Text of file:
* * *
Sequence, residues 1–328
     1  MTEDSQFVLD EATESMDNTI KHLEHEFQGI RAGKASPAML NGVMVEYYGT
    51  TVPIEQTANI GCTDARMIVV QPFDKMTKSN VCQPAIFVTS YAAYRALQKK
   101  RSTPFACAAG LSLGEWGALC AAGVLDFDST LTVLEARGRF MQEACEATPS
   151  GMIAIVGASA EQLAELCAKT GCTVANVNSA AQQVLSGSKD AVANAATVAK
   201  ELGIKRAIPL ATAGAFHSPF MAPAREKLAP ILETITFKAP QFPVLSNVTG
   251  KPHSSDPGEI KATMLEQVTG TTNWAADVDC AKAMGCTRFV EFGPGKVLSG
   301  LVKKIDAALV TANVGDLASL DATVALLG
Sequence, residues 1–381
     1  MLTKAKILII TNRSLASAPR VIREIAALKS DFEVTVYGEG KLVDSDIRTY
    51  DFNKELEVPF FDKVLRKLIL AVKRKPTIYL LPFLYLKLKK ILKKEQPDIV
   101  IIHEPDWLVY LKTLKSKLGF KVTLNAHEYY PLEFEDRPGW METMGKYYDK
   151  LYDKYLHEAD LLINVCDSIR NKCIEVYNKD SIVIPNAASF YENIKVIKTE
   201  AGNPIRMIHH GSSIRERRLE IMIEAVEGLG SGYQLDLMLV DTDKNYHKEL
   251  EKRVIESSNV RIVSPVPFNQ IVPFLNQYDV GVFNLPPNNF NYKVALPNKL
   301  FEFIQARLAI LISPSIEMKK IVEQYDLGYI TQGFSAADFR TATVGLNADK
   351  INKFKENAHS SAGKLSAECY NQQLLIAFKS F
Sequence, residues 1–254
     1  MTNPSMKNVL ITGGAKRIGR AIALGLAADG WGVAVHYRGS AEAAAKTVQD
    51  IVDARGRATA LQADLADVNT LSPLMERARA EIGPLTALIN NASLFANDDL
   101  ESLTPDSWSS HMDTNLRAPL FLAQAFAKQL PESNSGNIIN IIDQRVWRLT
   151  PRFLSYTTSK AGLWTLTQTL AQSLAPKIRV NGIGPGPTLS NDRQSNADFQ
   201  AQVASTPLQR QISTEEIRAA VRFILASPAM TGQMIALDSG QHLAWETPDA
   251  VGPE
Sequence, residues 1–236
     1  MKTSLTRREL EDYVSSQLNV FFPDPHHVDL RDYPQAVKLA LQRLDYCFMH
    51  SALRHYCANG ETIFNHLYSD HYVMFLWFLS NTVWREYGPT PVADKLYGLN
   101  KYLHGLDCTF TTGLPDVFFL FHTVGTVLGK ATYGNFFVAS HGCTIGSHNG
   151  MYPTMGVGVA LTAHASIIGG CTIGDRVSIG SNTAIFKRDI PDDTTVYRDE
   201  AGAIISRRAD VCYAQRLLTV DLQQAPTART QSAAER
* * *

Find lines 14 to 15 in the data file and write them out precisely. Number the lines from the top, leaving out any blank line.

   201  AGNPIRMIHH GSSIRERRLE IMIEAVEGLG SGYQLDLMLV DTDKNYHKEL
   251  EKRVIESSNV RIVSPVPFNQ IVPFLNQYDV GVFNLPPNNF NYKVALPNKL